Alberta's oil production curtailment program will benefit the province’s taxpayers this year thanks to stronger Western Canadian Select crude prices, the chief executive of Cenovus Energy Inc. said Wednesday.

Cenovus swung from a royalty credit position of $29 million when oil price differentials reached record highs in the fourth quarter of 2018, to paying $191 million in royalties to Alberta in the first quarter of this year. Alex Pourbaix called the change a prime example of the energy industry’s recovery after provincially-mandated production curtailments.

“If you look at the results that my company delivered versus the results that we delivered in [Q4], it’s just a completely stark difference,” Pourbaix told BNN Bloomberg in an interview.

“You’re talking almost a quarter-billion dollar change in royalty payments,” he added. “If you extrapolate that over a year, you can see the benefit that curtailment is providing to the province, and Cenovus and our industry and our shareholders are seeing a similar benefit.”

The curtailment program which was instituted on Jan. 1 aimed to clear up a supply glut that had led to a steep decline in oil prices. The plan was to keep 325,000 barrels per day off the market, but is expected to fall to roughly 175,000 bpd by June.

Pourbaix was one of the energy industry’s loudest advocates for production cuts amid a steepening WCS crash in November.

However, he told BNN Bloomberg on Wednesday that the curtailments can’t remain as a permanent fixture in the oil patch.

“I think we would all agree that you don’t want to see curtailment as a permanent element, but the solution – let’s be clear – right now the province of Alberta is producing several hundred thousand barrels a day more oil than it has pipeline takeaway,” he said.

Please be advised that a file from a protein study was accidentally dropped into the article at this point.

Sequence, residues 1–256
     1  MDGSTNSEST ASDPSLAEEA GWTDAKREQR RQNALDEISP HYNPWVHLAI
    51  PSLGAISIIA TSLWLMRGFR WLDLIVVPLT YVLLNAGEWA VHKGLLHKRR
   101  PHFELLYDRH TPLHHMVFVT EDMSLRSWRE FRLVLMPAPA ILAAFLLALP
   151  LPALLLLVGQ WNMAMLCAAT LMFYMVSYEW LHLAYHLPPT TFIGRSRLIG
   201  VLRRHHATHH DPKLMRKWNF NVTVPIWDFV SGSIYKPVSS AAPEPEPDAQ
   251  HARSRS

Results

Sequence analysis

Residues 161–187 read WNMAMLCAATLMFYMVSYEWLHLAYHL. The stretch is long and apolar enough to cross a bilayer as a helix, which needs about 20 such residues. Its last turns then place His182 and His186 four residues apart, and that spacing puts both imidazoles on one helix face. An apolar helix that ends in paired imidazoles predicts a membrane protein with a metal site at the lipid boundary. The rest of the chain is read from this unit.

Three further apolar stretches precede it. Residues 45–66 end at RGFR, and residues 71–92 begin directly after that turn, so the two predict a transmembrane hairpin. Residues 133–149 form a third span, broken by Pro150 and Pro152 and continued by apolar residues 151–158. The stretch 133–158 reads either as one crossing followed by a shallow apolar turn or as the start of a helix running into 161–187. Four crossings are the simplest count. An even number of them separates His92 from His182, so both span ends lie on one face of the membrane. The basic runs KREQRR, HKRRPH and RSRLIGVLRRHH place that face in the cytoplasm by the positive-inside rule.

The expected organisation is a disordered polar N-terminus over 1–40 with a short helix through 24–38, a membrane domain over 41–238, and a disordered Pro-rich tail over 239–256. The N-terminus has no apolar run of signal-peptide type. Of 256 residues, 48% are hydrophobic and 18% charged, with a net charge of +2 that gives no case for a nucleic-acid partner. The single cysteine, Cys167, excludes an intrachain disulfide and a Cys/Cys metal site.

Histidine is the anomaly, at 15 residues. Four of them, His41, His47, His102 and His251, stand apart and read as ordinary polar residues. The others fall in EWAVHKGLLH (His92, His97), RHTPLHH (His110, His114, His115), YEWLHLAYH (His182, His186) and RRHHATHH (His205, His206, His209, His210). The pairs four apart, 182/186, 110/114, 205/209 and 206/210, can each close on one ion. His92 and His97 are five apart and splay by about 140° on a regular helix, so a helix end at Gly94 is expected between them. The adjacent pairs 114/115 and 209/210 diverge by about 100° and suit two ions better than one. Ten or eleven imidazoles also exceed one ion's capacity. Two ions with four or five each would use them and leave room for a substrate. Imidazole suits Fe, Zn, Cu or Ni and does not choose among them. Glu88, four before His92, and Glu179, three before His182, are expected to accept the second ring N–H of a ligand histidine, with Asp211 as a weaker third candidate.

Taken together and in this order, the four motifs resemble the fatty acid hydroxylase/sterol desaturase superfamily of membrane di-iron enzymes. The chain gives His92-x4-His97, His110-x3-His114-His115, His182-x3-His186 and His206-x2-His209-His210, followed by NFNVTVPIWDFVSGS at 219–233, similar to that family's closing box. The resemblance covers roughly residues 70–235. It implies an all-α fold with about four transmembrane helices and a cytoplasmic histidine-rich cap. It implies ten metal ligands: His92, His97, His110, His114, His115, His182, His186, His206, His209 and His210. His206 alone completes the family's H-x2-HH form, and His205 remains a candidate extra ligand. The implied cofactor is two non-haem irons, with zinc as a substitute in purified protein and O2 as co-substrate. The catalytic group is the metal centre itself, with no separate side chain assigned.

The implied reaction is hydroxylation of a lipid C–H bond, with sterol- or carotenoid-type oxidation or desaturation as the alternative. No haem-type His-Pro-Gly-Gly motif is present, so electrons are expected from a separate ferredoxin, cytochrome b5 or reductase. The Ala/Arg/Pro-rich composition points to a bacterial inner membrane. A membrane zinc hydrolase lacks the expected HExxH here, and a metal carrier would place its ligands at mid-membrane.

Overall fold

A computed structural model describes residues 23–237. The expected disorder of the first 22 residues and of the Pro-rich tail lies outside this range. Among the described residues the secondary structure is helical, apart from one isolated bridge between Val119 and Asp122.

He cautioned the province to ease off curtailments gradually to prevent another dip in Canadian crude prices.

“The only way we’re going to solve that problem is pipelines in the longer-term or more oil moving by rail in the shorter term. If we were to come off curtailment aggressively, I would suspect we would have the exact same pricing pressures we saw in Q4 with the catastrophic impact they would have on the province and on our industry,” Pourbaix said.

Cenovus beat analyst expectations, reporting adjusted first-quarter income of just over $1 billion on revenue of $5 billion on Wednesday. By comparison, the company reported adjusted income of $432 million on revenue of $4.6 billion in the first quarter of 2018.

Alberta’s newly-elected United Conservative Party government has indicated it will cancel outgoing Premier Rachel Notley’s plan to add rail assets to ease the province’s takeaway capacity and has also taken a combative approach to relations with the federal government over both its carbon tax and pipeline policies.

However, Pourbaix said he has faith in premier-designate Jason Kenney and his ability to champion the energy industry.

“I have a lot of hope going forward with Jason Kenney’s leadership and the UCP,” Pourbaix said. “He’s clearly shown a great deal of passion and commitment to Alberta’s energy industry and I’ve spent a lot of time with Jason over the years. I think he’s a good listener and I think he’s smart, and I suspect he’s going to be a good advocate for our industry in the province.”

- With files from The Canadian Press